When Deputy Attorney General Yates formally launched the Department’s new Worker Endangerment Initiative, she announced that the Department’s Environmental and Natural Resources Division (ENRD) would now have responsibility for investigating and prosecuting criminal worker safety violations. In a memorandum issued to all 93 US Attorneys across the country, Ms. Yates directed federal prosecutors to work with ENRD and the Department of Labor’s Occupational Safety and Health Administration (OSHA), Mine Safety and Health Administration (MSHA) and Wage and Hour Division (WHD) to investigate and prosecute worker endangerment violations. Ms. Yates also signed a Memorandum of Understanding (MOU) between the Department of Justice and the Department of Labor establishing a framework for coordinating between the two agencies. Pursuant to the MOU, OSHA, MSHA, and WHD will “discuss periodically with the DOJ those employers or worker safety matters that may be appropriate for enhanced investigation or criminal referral.” DOL must now share investigative files with DOJ for case development or litigation purposes, and both departments must implement training programs designed to “increase the frequency and effectiveness of criminal prosecutions of worker-safety violations.”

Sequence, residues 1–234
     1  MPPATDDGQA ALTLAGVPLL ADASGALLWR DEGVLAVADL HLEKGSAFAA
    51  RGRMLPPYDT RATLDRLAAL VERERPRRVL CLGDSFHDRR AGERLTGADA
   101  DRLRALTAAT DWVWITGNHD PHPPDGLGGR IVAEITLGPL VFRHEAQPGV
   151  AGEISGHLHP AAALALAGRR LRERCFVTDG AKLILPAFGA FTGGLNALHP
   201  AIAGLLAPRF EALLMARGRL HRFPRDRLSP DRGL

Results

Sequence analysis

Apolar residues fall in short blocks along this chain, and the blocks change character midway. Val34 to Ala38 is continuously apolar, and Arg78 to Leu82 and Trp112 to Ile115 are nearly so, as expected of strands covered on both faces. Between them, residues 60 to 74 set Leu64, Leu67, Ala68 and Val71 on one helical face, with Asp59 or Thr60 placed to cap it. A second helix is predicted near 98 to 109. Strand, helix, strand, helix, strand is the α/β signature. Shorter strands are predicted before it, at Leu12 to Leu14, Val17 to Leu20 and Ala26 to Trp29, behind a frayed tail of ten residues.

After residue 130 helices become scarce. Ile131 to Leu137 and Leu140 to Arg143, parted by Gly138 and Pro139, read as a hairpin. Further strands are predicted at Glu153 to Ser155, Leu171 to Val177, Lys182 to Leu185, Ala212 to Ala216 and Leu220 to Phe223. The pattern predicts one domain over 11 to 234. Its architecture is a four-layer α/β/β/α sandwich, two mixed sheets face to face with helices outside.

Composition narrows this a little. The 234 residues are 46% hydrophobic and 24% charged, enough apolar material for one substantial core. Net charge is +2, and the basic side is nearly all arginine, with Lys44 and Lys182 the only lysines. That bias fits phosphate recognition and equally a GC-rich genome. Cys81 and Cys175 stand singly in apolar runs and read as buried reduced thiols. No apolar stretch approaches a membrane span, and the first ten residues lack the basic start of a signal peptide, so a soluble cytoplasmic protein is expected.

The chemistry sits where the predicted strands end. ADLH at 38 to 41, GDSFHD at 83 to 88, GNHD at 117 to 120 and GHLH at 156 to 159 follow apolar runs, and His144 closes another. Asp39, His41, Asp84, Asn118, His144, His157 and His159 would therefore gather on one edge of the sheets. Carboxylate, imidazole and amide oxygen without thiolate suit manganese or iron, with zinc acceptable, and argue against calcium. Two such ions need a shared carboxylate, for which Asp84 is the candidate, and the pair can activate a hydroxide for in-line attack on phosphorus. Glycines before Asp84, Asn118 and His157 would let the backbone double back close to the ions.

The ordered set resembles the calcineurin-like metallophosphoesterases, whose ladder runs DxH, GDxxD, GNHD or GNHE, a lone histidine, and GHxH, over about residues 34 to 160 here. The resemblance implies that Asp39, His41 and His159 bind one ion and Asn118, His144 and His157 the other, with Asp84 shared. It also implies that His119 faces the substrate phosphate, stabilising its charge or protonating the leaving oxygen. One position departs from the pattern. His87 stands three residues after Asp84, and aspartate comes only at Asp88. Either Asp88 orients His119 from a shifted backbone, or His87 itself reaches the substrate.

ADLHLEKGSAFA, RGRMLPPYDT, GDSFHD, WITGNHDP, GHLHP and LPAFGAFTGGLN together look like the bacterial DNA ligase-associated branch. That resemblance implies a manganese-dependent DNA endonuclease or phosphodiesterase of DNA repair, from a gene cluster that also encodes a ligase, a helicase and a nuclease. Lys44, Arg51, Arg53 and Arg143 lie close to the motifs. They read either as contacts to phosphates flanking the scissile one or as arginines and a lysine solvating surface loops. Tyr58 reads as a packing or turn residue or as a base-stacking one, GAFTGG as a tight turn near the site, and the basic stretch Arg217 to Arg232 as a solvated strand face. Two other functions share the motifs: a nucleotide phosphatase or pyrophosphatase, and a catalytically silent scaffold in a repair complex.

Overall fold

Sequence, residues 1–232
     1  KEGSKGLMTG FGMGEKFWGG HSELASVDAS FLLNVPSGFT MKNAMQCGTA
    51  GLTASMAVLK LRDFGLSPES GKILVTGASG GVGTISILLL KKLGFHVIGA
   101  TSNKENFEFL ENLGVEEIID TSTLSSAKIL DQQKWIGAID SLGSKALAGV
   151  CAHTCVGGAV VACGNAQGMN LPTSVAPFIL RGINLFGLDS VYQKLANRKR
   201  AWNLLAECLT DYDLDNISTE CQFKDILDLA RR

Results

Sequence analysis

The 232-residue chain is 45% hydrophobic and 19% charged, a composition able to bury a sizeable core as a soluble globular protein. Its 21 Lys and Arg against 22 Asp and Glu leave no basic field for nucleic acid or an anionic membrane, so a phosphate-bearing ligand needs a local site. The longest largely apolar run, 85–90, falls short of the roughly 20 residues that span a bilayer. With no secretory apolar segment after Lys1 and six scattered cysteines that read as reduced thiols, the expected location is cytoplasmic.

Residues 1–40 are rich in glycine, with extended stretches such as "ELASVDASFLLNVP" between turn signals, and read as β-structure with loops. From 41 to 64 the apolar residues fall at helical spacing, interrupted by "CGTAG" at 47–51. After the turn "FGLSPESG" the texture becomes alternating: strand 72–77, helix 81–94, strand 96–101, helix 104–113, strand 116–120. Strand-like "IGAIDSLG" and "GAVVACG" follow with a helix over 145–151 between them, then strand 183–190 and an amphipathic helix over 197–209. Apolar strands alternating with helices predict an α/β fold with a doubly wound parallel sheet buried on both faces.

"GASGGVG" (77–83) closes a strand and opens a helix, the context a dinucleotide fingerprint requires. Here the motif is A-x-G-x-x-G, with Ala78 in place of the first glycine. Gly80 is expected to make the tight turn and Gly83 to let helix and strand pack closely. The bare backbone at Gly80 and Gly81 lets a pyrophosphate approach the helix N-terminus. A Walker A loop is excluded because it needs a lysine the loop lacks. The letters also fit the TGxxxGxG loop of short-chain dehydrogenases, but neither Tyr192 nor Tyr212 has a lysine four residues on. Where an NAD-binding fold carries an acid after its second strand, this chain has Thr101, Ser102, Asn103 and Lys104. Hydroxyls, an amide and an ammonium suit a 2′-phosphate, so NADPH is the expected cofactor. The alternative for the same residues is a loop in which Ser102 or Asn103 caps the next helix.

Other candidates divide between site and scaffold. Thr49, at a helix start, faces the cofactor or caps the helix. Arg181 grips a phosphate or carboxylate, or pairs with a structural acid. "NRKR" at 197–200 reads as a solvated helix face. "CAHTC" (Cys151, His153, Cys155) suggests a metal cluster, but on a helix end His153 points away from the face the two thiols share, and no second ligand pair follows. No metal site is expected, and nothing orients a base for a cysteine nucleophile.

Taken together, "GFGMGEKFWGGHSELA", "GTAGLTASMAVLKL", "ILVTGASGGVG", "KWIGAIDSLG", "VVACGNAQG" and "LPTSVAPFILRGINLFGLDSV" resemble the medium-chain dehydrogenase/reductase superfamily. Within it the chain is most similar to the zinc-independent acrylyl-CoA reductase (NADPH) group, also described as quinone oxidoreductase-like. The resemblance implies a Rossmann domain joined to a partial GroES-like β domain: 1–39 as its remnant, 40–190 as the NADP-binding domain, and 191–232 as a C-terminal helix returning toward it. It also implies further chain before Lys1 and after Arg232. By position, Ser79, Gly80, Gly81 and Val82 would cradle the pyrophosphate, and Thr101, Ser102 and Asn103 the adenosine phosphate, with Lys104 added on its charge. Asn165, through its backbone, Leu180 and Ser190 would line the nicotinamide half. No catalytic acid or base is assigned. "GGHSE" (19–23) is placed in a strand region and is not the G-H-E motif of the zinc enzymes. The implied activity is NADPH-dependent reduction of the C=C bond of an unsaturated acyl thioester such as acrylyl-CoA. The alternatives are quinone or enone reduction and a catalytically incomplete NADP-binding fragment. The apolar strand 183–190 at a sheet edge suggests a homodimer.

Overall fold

Explaining that worker safety violations often occur in tandem with other serious crimes, Ms. Yates also announced amendments to the US Attorneys’ Manual encouraging prosecutors to prosecute worker safety violations utilizing not only the traditional worker safety laws, but also Title 18 offenses (such as obstruction of justice, false statements, and conspiracy) and environmental laws. Doing so will “enhance penalties and increase deterrence,” as these laws provide for felony violations carrying maximum terms of imprisonment of up to 20 years, as well as significant fines. Moreover, environmental crimes are in many cases easier to prove than worker safety crimes, as most require only that the defendant act “knowingly”—meaning that he or she knows the facts of his or her actions—and not willfully, which would require that the defendant recognize that his or her actions are prohibited by law or wrongful. The endangerment provisions of the Clean Air Act, Clean Water Act, and Resource Conservation and Recovery Act, for example, impose liability where the defendant knowingly commits an underlying pollution crime and knows that this conduct would place another person in imminent danger. The Clean Air Act includes a negligent endangerment offense which requires yet an even lower mental threshold, and still provides for criminal penalties of up to one year in prison.